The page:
Published by Edition Galerie Jacques Lacoste/Galerie Patrick Seguin.
In 1931, aged 29, Jean Royère (1902–1981) resigned from a comfortable position in the import–export trade in order to set up business as an interior designer. He learnt his new trade in the cabinetmaking workshops of the Faubourg Saint-Antoine in Paris. In 1934, he designed the new layout of the Brasserie Carlton on the Champs Elysées and found immediate success, embarking upon an international career that was to endure for nearly half a century. Royère tackled all kinds of decoration work and opened branches in the Near East and Latin America; among his patrons were King Farouk, King Hussein of Jordan and the Shah of Iran, who entrusted him with the interior design of their palaces. The Royère style is a wonderful amalgam of bright, cheery colors, subtly organic forms and precious materials. Compact and fluid, robust and delicate, Royère’s chairs, lamps, chandeliers, sofas and desks exude a sensuous confidence, suggesting both comfort and alertness. This superbly produced, linen-bound, two-volume boxed monograph would have made Royère proud. The first volume explores the designer’s work across four themes inspired by his creations: “The Vegetal Realm,” “The Animal World,” The Imaginative Realm” and “Line and Design.” In addition to prefaces by Jacques Lacoste and Patrick Seguin, this volume contains interviews with Lorenz Baümer, Béatrice Salmon, and Christian Lacroix--by art historian and journalist Françoise Claire Prodhon--and a chapter looking back to the Jean Royère exhibition at the Sonnabend Gallery in New York in 2008. The second volume opens with a 1963 interview with Royère by Pascal Renous, and then presents the “Jean Royère Repertoire”: 380 items of furniture and other creations accompanied by detailed references and illustrations of variants. The volume is rounded off by a sketchbook offering 156 hitherto unpublished Royère drawings. This authoritative and sumptuous publication is the last word on this midcentury master.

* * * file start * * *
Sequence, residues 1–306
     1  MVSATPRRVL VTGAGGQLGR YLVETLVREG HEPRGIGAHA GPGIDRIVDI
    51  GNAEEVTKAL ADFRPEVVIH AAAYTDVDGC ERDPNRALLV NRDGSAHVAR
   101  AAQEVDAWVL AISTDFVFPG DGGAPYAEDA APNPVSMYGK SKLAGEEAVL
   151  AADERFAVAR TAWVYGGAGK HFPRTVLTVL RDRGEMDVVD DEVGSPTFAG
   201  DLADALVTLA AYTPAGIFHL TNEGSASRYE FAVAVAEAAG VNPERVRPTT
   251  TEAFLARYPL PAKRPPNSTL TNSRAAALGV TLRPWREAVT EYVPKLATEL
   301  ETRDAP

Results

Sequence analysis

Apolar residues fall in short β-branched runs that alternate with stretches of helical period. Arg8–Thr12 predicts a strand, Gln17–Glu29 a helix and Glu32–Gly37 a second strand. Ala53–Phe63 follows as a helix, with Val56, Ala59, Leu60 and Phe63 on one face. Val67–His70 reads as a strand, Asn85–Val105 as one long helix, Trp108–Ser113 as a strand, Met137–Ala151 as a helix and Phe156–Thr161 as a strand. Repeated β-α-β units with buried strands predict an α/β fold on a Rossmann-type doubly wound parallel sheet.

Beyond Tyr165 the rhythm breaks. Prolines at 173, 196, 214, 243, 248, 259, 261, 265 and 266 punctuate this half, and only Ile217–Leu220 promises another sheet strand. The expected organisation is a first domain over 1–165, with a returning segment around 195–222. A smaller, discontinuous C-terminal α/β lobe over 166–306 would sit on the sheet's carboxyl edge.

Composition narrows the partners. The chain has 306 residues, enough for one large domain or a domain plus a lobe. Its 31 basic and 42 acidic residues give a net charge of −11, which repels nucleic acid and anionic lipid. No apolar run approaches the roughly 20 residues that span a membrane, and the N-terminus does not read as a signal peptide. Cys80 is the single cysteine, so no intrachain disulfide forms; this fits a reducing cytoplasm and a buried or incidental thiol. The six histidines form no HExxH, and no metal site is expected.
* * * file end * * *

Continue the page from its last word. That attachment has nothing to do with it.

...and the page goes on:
BOOK FORMAT Slip, Clth, 2 vols., 10 x 12 in. / 656 pgs / illustrated throughout.
PUBLISHING STATUS Pub Date 4/30/2013 Active
DISTRIBUTION D.A.P. Exclusive Catalog: SPRING 2013 p. 43
PRODUCT DETAILS ISBN 9782909187020TRADE List Price: $240.00 CDN $290.00
AVAILABILITY In stock
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Published by Ediciones Poligrafa. Introduction by Carmen Espegel.
Neglected in her lifetime, Eileen Gray (1878-1976) is now regarded as one of the most important furniture designers and architects of the early twentieth century. She first worked as a lacquer artist, then as a furniture designer and finally as an architect. At a time when other leading designers were almost exclusively male and adherents to one movement or another, Gray remained stalwartly independent. Her design style was as distinctive as her way of working; Gray developed an opulent, luxuriant take on the geometric forms and industrially produced materials used by International Style designers such as Le Corbusier, Charlotte Perriand and Mies van der Rohe. Her voluptuous leather and steel Bibendum Chair and chic E-1027 glass and tubular steel table are now familiar icons of modernity. Part of the By Architects series, Eileen Gray highlights the work of this singular designer-architect.
Published by Ediciones Poligrafa. Introduction by Antonio Román.